Welcome to Spotlight, a new blog series aimed at bringing you the latest research news and information concerning OCD and related disorders. Each quarter, we’ll also round up the biggest and most interesting news in the field of pediatric OCD research — from highlighting work by members of our Scientific & Clinical Advisory Board to the latest headlines in journals and popular media alike — and share them here. This new series is part of our larger Spotlight series, which contains monthly updates on OCD research & news and quarterly features on hoarding disorder, pediatric OCD, and BDD.
To receive a copy of this new series directly in your inbox each month, subscribe to our new “Spotlight: OCD News & Research Updates” email series here.
Pediatric OCD advocates and stories making news around the globe.
To Anyone Who Knows, Loves, Teaches and/or Meets a Child With PANDAS
The Mighty, November 2015
“Know that my main objective in writing this isn’t to cause anyone guilt or shame at all because I know my daughter will be OK no matter how others treat her. However, I would hate for anyone to miss out on the blessings, wisdom and sheer appreciation for the little things in life sure to come from knowing a PANDAS kid, and their family.” A mother shares her experience in a heartfelt open letter about what she wishes others knew about PANDAS children.
No, your color-coded binder tabs aren’t “OCD” (Plus four other annoying things teens do in conversation)
Bucks County Courier Times, November 2015
This tongue-in-cheek article from an author who says her experience living with teenagers guarantees “an endless supply of three things: scented lotion, irrepressible idealism and conversational annoyances” pokes fun at favorite phrases flung around by teens in conversation at school, work, and home.
Members of the IOCDF Scientific and Clinical Advisory Board (SCB) are among the best clinicians and investigators in North America who treat and/or conduct research in the field of OCD and related disorders. Here, we recognize SCB members whose work is turning heads in the scientific community or general public.
Residential treatment outcomes for adolescents with obsessive-compulsive disorder ($)
Psychotherapy Research, August 2015
SCB members Martin E. Franklin, Bradley C. Riemann, and H. Blair Simpson are among the authors of this study that examined outcomes from a residential treatment program emphasizing exposure and response prevention (ERP) to determine if the typically robust response to this treatment in outpatient settings extends to patients treated in this unique context.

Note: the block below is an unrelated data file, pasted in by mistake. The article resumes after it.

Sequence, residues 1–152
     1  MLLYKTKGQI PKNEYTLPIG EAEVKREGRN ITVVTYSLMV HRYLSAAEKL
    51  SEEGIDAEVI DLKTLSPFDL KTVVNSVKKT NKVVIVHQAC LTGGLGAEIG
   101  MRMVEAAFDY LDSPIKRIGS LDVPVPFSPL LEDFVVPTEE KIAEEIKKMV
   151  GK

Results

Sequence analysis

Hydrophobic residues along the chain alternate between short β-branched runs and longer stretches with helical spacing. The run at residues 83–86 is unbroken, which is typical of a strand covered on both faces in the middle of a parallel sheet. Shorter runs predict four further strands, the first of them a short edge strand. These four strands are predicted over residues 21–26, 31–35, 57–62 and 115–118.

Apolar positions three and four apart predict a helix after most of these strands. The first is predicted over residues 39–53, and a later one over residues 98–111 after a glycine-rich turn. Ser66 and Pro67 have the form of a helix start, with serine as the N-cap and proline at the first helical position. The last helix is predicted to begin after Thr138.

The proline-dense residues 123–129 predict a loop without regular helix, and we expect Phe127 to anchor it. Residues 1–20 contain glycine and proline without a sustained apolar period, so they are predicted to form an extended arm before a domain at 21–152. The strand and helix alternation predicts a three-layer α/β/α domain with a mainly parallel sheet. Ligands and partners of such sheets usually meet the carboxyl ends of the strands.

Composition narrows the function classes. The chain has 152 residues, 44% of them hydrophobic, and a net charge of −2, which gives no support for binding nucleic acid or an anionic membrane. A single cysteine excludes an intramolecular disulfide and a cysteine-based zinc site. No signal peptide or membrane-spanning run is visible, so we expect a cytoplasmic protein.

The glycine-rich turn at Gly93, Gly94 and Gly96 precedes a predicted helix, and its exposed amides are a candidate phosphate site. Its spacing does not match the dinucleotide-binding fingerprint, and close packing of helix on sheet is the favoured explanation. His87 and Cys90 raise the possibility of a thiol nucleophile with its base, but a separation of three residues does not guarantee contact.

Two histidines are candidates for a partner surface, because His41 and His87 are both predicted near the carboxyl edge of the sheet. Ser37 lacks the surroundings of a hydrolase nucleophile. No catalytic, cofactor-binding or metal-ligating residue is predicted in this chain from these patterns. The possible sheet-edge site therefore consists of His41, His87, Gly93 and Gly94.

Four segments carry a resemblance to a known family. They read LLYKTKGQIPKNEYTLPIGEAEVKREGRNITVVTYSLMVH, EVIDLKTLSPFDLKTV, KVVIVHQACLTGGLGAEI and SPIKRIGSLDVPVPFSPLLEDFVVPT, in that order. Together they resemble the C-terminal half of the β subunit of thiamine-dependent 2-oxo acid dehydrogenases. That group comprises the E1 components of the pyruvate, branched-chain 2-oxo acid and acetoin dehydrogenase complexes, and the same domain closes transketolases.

Pediatric OCD Research Corner
A quarterly roundup of the latest in pediatric OCD research from scientific journals.
Pet Dogs and Children’s Health: Opportunities for Chronic Disease Prevention?
Centers for Disease Control and Prevention, November 2015
Positive associations between having a pet dog and adult health outcomes have been documented; however, little evidence exists regarding the benefits of pet dogs for young children. This study investigates the hypothesis that pet dogs are positively associated with healthy weight and mental health among children.
Subclinical autism spectrum symptoms in pediatric obsessive-compulsive disorder ($)
European Child & Adolescent Psychiatry, October 2015
This is the largest study of autism spectrum disorder (ASD) symptoms in an OCD population to date, which aims to assess the prevalence of ASD symptoms in children and adolescents with OCD, and to explore the relation between ASD symptoms and OCD severity. Pediatric OCD patients were found to exhibit elevated rates of ASD symptoms compared to a norm group of school-age children, indicating that clinicians need to be aware of ASD symptoms in children and adolescents with OCD since one out of ten exhibits such symptoms at a clinical sub-threshold according to study findings.
An observational study of parent-child behaviours in paediatric OCD: Examining the origins of inflated responsibility ($)
Journal of Obsessive-Compulsive and Related Disorders, July 2015
Inflated responsibility is a well-established belief domain relevant to the development of obsessive compulsive disorder (OCD), and is proposed to develop during childhood. However, parental enhancement of such beliefs have rarely been examined. This study explored the proposed pathways of development for responsibility biases in paediatric OCD by examining parent-child behaviors during a family discussion task.
IOCDF Research Resources
Find other research-related resources from the IOCDF, including:
- Join a research study as a participant
- Learn about the IOCDF Research Grant Program
- Donate to the IOCDF Research Grant Fund